The pastor and seven members of a small fundamentalist Christian church near Mazomanie, Wis., have been arrested on charges of child abuse for beating infants as young as two months old with wooden rods, reported AOL News.
Philip Caminiti, 53, pastor of Aleitheia Bible Church in Black Earth, and his brother, John Caminiti, 45, pleaded innocent to a dozen counts of child abuse last week. The alleged victims range in age from infancy to 6 years old, according to the Dane County Sheriff’s office.
“During interviews with detectives, Phil expressed his belief that the Bible dictates the use of a rod over a hand to punish children. He stated that children only a few months old are ‘worthy’ of the rod and that by ‘one and a half months,’ a child is old enough to be spanked,” according to the sheriff's office release.
“Throughout the investigation, the church members were open with detectives about their ‘Spare the rod, spoil the child’ philosophy. They described using wooden dowels and wooden spoons on the bare skin of children, starting as young as 2 months old,” the sheriff's office said.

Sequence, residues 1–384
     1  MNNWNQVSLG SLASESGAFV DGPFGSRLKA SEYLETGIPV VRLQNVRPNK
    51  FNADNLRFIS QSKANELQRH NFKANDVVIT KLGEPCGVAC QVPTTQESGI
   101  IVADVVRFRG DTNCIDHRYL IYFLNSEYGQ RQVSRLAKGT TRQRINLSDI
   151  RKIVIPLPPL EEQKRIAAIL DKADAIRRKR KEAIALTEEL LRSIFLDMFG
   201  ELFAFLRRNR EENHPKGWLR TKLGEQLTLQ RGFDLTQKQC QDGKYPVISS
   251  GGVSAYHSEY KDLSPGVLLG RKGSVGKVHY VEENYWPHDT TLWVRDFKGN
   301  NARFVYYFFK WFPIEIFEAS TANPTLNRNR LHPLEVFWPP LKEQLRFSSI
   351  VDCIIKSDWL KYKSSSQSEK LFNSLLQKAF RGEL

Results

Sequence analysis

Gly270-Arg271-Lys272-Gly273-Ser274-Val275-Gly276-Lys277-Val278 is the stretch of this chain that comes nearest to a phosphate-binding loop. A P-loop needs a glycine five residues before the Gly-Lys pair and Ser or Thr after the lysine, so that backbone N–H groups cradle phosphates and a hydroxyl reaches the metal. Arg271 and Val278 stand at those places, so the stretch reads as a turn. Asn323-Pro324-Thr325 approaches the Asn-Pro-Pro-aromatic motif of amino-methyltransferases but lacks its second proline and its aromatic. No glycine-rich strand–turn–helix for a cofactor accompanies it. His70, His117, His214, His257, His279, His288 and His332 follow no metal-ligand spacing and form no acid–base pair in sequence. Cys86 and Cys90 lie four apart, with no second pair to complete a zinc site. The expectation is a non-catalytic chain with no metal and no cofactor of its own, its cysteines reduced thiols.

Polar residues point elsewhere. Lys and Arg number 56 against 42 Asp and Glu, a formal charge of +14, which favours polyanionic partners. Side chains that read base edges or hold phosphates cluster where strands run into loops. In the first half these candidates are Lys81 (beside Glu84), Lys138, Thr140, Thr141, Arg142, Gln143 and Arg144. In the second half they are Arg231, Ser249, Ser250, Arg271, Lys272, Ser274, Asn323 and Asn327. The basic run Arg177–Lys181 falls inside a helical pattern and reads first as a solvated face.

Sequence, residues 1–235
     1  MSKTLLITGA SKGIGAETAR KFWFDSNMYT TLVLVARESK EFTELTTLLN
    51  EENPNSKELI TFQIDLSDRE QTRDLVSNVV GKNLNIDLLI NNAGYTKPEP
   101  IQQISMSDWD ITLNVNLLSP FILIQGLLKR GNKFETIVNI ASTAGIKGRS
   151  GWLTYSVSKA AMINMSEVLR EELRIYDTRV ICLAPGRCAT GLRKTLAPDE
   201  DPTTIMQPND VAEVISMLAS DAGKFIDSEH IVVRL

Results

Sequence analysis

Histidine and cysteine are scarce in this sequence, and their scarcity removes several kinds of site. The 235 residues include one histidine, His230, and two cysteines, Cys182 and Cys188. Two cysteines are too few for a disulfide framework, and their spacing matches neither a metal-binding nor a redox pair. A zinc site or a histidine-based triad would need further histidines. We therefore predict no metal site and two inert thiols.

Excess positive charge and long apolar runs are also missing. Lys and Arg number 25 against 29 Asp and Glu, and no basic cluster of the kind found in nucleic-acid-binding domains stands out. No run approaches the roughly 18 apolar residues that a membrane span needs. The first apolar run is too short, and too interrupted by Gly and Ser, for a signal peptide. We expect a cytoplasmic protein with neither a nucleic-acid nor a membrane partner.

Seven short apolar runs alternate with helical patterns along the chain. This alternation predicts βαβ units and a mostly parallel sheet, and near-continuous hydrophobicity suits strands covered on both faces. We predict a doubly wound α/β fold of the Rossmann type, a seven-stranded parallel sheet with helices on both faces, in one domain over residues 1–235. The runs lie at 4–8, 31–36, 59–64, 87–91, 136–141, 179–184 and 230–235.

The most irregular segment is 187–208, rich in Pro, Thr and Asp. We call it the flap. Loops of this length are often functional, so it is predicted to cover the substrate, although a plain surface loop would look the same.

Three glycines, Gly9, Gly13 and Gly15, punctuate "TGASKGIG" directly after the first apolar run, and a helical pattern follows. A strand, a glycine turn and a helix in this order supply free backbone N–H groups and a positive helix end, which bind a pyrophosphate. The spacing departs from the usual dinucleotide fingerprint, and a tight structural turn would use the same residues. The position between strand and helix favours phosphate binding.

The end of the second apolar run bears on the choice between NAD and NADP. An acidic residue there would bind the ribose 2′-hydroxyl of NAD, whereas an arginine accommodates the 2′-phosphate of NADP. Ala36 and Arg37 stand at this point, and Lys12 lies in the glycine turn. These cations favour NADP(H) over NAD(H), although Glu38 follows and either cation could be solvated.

The pastor told deputies that the Bible prescribes the punishment for infants who are “being emotional, grumpy or crying.”
Six church members charged in the case also pleaded innocent.
According to the sheriff's office, the wooden dowels used to beat the infants were 12-18 inches long with a diameter about the size of a quarter. Former church members who brought the complaint to the attention of authorities told detectives that “redness and bruising” were the “common effects of the spankings.”
The children often were punished when they cried or failed to sit still during church services, a former church member told authorities. “Phil was very strict about children being quiet during church,” the complaint states.
John Caminiti told investigators in November that he does not allow his family to communicate with people outside his religious beliefs and has punished his wife and son by confining them to their rooms until they corrected their disobedience, according to the Wisconsin State Journal.
None of the children of people charged in these cases has been removed from their parents' homes.